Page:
An Ohio supermax prisoner, representing himself while on a month-long hunger strike, won his acquittal in February of attempted murder charges stemming from fights with prison guards.
Cornelius Harris, a 27-year-old prisoner serving a 97-year sentence for robbery and kidnapping charges at the Ohio State Penitentiary (OSP) in Youngstown, argued to a jury in Mahoning County Common Pleas Court that ongoing "inhumane" treatment from prison guards left him no choice but to fight back.
"I have been in prison for a long time now, and I never expected prison to be easy," Harris said in his opening arguments on Jan. 24, 2013. "But the way I have been treated by guards has crossed the line to inhumane."
After firing his former attorney, Mark Lavelle, who sat in the gallery during the trial, Harris chose to defend himself, cross-examining witnesses, presenting video evidence, and offering an "occasional rant against the prison system," according to one local newspaper.
In describing to the jury surveillance video from 2009 and 2010 that showed him fighting with guards and allegedly pushing another guard down a flight of stairs, Harris admitted that the videos showed him "acting out," but argued that guards instigated the violence.
Harris told jurors that, to escape assault by a guard, he managed to free his hands from handcuffs and punched the guard twice. As a result, Harris said, the guard ran and fell down the stairs, rather than being pushed.
He also cross-examined a prison investigator about doctored surveillance videos. The investigator testified to Harris, however, that video was never doctored for any reason.
Before closing arguments and jury deliberations began, Harris' trial was suspended when he was transferred from OSP to Franklin Medical Center in Columbus because of his deteriorating health. Harris began the hunger strike to protest prison security-review policies and harassment by guards.
Harris, who's been in prison since 2007, has been incarcerated as a maximum-security, Level-5 prisoner in solitary confinement since the fights that prompted the attempted murder and assault charges. But according to Harris, he hasn't had an incident report in three years.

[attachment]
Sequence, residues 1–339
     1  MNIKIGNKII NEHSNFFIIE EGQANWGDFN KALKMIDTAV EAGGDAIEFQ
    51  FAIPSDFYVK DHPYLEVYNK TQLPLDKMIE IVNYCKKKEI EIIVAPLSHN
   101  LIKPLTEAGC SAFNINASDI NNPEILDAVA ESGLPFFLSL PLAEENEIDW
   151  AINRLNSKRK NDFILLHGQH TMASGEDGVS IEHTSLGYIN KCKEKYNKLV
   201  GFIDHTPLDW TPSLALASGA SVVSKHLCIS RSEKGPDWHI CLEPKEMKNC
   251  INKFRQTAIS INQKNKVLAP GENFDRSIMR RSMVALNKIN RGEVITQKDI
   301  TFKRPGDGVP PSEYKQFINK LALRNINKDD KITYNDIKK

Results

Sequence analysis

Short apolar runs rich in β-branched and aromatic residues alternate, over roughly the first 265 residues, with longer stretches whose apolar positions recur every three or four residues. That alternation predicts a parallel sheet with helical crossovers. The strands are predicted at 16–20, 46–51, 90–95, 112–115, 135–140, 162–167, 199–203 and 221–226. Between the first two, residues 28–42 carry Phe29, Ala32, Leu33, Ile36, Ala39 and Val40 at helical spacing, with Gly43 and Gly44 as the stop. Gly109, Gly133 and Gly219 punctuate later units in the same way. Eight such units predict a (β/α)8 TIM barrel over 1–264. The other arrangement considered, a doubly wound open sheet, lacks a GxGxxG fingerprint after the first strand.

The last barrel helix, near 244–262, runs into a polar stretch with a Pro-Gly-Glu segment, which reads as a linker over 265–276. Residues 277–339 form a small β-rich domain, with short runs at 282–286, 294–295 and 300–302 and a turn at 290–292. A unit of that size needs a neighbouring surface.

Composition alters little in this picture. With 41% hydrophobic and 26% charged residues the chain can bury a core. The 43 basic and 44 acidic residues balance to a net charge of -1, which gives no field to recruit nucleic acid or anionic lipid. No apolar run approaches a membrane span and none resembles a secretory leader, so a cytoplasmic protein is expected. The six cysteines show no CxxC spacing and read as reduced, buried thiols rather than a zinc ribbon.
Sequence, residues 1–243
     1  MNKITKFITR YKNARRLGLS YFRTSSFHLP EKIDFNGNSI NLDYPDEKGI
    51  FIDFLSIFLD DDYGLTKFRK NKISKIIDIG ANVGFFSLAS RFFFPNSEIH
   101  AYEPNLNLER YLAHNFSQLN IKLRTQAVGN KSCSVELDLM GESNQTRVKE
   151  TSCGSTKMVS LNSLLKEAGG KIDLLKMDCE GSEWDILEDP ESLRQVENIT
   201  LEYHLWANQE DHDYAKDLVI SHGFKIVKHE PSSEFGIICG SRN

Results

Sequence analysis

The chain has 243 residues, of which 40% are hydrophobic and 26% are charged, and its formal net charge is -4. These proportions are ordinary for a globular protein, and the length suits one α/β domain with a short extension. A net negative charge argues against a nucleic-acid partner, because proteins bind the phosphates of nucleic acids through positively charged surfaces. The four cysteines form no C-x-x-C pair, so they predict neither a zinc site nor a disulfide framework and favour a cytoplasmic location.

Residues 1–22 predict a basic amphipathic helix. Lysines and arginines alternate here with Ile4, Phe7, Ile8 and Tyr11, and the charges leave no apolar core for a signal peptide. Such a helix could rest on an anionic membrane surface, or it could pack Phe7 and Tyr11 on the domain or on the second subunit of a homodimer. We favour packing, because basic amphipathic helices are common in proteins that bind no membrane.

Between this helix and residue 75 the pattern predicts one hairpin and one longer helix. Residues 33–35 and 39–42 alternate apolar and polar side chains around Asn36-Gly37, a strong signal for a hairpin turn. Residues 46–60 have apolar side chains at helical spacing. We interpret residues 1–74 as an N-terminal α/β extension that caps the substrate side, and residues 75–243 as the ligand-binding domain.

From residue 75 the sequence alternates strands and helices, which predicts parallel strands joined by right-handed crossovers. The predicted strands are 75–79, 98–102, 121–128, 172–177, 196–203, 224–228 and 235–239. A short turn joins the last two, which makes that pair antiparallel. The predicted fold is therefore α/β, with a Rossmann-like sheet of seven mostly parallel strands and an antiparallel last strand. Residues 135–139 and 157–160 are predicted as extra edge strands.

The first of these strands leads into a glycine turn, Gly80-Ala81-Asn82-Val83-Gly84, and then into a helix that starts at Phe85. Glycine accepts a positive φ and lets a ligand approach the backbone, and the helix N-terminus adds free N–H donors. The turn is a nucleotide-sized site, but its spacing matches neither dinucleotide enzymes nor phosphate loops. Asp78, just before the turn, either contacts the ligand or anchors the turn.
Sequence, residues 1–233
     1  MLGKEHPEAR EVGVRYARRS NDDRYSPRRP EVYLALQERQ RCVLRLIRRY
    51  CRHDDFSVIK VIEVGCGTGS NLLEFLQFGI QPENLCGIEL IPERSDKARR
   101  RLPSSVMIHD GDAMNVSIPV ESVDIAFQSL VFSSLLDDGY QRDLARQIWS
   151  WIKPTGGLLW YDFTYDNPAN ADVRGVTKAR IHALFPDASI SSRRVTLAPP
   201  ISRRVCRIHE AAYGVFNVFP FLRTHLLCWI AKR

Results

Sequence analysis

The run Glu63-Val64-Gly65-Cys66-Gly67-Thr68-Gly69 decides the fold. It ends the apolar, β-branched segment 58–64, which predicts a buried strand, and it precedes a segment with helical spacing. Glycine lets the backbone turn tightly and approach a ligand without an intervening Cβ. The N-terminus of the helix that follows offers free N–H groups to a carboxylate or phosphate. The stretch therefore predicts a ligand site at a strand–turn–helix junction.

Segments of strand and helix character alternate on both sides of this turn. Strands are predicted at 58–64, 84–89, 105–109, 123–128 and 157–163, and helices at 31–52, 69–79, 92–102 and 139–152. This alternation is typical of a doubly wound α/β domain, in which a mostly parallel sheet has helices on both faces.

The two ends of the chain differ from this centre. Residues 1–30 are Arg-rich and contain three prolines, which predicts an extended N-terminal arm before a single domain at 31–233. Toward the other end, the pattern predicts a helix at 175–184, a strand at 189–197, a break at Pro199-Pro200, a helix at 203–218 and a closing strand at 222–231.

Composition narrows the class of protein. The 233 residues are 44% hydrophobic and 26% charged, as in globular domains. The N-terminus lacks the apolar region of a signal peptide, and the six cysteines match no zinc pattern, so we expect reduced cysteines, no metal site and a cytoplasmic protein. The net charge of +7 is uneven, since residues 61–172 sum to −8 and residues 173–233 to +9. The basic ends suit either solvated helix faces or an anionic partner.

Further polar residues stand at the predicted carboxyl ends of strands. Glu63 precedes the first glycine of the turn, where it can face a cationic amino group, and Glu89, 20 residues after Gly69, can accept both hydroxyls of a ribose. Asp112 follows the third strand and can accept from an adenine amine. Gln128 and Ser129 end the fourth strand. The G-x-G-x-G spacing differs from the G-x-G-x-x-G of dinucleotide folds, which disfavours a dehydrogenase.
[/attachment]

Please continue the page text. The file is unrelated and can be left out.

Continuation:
On Level 5, Harris is confined to his cell for 23 hours a day. His access to visitors, commissary and programming is restricted, if not entirely prohibited under some circumstances.
While refusing to eat, Harris demanded a chance to "step-down" or reduce his security level, more security reviews, recreation time with other prisoners, contact visits, and more time out of his cell.
By the time Judge Maureen Sweeney reconvened Harris' trial on Feb. 5–against doctors' recommendations–he had reportedly lost 50 pounds and was experiencing sharp pains in his legs. Doctors had also warned him that continuing to refuse food would soon result in organ failure.
On Feb. 8–after 35 days on his hunger strike–the 12-person jury found Harris not guilty of one count of attempted murder and three counts of felonious assault, sparing him from spending an additional 71 years in prison. Two counts of attempted aggravated murder were reduced to felonious assault, and he was found guilty on three counts of possession of a dangerous weapon while in detention.
According to RedBird Prison Abolition, a website that posted earlier statements Harris had made about abuse by prison guards, Harris had not given up his hunger strike by the evening after his trial ended.
Source: redbirdprisonaboliton.blogspot.com, http://freepress.org/article/ohio-super-max-prisoner-resumes-hunger-strike
As a digital subscriber to Prison Legal News, you can access full text and downloads for this and other premium content.
Already a subscriber? Login